India's Christians see rise in hostility by Hindu extremists

Threats against churches and prayer meetings in eastern states have risen in recent weeks.

Manish Swarup/AP/FILE
No violence: Christians protested in New Delhi on Dec. 27, against attacks on churches during Christmas in the state of Orissa by Hindu extremists.
Rich Clabaugh

Radha Bai knew something was up when she heard the trucks thundering into Bothali, a bucolic village of low, whitewashed houses in the central state of Chhattisgarh. "They came into my house waving sticks and chanting," she says. "They were looking for me, saying they would cut me into pieces."

Ms. Bai, a Christian, was hosting a prayer meeting on Jan. 16 when 50 Hindu extremists from a group calling itself Dharma Sena ("Army for Religion") arrived. They beat up several men and set fire to 10 motorcycles and a car, witnesses say.

In recent weeks, Hindu extremists in India's eastern "tribal belt" – home to large numbers of forest-dwelling animists – have stepped up a campaign against Christians.

In the neighboring state of Orissa, over Christmas, mobs destroyed 55 churches and 600 houses – "the worst anti-Christian violence in India since independence [in 1947]," says Asghar Ali Engineer, who heads the Centre for Study of Society and Secularism in Mumbai.

"It is getting worse all the time," says Arun Pannalal, general secretary of the Chhattisgarh Christian Forum. He cites numerous cases in which Christians have been threatened and prayer services halted by hostile mobs.

Lalit Surjan, editor-in-chief of a group of newspapers in Chhattisgarh, blames the aggression on the growth of "fringe groups" such as Dharma Sena.

Ramesh Modi is president of the state's branch of the Vishwa Hindu Parishad (VHP), or World Hindu Council, a proponent of the Hindutva ideology which holds that India is a Hindu nation and religious minorities outsiders. The VHP says it has close links with Dharma Sena.

"The Christians are responsible for the violence themselves," Mr. Modi says, when asked who carried out the attacks in Bothali. "They are converting Hindus by all means possible. We cannot wear bangles [an expression meaning we cannot be feminine, gentle] all the time."

This is the chief justification given for attacks against Christians in India, that they are converting Hindus by force. With the rise of political Hindu nationalism in recent years, groups like the VHP have intensified their calls for legislation to curb conversions from Hinduism. At least seven states – including Chhattisgarh and Orissa – have laws ruling that Hindus must inform the authorities before switching religions.

It is true that Chhattisgarh has an expansionist evangelist movement in full swing; many Christians here are recent converts from Hinduism. Officially, less than 3 percent of India's population of 1.1 billion are Christian. But Mr. Pannalal reckons that Christians constitute closer to 6 percent of the population in Chhattisgarh and even nationwide. Christian converts often claim to be Hindus for fear that they'll lose their rights to the government jobs and university spots that are kept for lower castes.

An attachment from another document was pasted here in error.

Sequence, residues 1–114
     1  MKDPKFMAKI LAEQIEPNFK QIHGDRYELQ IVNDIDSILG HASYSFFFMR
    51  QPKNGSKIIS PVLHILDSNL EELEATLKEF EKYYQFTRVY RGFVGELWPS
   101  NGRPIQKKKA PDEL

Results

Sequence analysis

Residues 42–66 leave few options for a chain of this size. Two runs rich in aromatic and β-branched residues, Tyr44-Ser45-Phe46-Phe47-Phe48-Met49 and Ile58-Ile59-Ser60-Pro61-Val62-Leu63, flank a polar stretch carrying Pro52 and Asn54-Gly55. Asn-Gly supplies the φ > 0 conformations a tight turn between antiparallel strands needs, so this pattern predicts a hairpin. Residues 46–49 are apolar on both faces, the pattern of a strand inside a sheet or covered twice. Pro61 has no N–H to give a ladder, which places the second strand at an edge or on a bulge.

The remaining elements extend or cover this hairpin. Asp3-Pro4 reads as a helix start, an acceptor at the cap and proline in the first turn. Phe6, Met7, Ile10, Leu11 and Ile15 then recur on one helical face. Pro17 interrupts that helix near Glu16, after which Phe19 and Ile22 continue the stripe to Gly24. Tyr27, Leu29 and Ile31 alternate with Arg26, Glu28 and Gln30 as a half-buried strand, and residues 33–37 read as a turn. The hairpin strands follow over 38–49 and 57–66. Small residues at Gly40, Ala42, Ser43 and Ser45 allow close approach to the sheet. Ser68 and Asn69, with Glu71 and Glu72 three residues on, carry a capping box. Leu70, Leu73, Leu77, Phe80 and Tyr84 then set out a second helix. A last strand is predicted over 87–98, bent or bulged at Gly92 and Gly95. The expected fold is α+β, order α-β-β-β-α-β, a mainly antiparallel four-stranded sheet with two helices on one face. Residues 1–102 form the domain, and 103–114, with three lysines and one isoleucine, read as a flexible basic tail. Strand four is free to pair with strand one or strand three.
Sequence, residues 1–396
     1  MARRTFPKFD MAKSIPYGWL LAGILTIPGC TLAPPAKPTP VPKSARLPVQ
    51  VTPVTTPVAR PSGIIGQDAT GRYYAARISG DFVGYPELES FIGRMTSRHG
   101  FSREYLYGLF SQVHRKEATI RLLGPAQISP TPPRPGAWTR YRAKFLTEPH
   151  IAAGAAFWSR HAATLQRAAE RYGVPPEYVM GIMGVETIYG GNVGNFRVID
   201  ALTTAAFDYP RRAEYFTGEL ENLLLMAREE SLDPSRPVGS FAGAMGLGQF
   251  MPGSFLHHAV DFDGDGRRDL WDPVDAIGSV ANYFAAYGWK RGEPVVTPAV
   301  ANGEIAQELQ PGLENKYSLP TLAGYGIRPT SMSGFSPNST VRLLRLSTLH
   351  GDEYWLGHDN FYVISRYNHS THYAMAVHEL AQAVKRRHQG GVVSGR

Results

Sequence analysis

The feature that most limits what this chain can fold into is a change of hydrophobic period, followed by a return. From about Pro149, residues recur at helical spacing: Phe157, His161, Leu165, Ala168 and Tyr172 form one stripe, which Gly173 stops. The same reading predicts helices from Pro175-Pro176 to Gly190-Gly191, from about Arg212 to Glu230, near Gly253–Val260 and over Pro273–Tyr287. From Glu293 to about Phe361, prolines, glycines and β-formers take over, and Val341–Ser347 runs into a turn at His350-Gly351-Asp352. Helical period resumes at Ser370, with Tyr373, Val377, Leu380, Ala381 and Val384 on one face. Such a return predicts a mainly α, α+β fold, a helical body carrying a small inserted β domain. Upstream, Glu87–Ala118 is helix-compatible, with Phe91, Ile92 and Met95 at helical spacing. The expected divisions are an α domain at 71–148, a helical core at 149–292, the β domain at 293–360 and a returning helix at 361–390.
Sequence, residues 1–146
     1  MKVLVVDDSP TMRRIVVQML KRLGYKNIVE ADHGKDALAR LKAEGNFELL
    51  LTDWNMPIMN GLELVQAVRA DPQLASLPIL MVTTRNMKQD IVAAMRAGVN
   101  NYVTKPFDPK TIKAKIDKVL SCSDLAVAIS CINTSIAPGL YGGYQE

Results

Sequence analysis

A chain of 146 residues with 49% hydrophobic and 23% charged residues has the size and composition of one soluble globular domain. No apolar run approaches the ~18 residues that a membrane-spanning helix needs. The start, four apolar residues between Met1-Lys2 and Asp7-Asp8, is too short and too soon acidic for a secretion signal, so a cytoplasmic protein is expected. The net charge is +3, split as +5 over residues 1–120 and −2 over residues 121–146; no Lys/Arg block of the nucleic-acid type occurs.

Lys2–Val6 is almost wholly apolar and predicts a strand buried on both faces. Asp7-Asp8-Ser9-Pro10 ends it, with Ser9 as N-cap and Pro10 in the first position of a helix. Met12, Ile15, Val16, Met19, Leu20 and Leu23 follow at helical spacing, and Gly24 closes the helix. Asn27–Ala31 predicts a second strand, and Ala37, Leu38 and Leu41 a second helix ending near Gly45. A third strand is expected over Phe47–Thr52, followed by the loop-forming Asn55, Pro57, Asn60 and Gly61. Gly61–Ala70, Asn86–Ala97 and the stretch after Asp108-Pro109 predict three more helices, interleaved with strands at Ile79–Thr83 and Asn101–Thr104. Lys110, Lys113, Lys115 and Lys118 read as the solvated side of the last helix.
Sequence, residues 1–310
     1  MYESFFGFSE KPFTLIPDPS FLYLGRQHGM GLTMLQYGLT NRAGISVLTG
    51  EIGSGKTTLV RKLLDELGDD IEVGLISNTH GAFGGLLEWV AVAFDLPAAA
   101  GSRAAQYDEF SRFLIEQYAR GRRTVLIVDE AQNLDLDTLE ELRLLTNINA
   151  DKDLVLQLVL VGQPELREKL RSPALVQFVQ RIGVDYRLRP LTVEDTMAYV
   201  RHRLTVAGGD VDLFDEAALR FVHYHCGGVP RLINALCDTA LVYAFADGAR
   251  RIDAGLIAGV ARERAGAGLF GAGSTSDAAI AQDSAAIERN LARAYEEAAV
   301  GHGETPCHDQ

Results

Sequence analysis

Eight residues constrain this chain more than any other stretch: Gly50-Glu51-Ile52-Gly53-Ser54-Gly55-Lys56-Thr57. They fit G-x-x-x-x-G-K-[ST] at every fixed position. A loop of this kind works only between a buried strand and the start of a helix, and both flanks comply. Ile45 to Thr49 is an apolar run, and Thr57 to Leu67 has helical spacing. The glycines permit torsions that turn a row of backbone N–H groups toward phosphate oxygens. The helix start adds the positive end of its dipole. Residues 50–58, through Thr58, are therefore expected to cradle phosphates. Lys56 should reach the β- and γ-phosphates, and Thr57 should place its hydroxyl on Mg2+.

Sometimes, says Pannalal, the evangelizing style of these new Christians appears insensitive. "Some pastors are only trained for a month or two before they start proselytizing," he says. "We've been trying to teach them that you don't have to criticize other gods and goddesses when you preach."

A popular way to target evangelical Christians, as a result of the state's conversion law, is to accuse them of forcible conversions to get them arrested. "Few of those cases go to court...." says Pannalal. "But by then the extremists have done their job, which is to terrify people."

Hindu groups in the area are themselves engaged in conversion activities, Pannalal adds. But because Christians tend to vote for the secular Congress Party, hard-line Hindu groups, which support the Hindu nationalist Bharatiya Janata Party (BJP), are trying to win Hindus back to the fold and convert tribal residents to Hinduism.

It is no coincidence, say observers, that nationalist Hindu activities have increased a few months before Chhattisgarh, which is ruled by the BJP, goes to the polls.

"This is a movement that stirs the religious sentiments of Hindus and then makes political capital out of it," says Mr. Surjan. He adds, however, that few ordinary Hindus are swayed by groups like Dharma Sena.

Most Christians seem to agree. Nelson Daniel, a pastor based in Durg, a town near Raipur, Chattisgarh's capital, suspects that Hindu extremists who have threatened to knock down his church are paid thugs. "They are never local Hindus," he says. "There's no problem between Hindus and Christians where I live."

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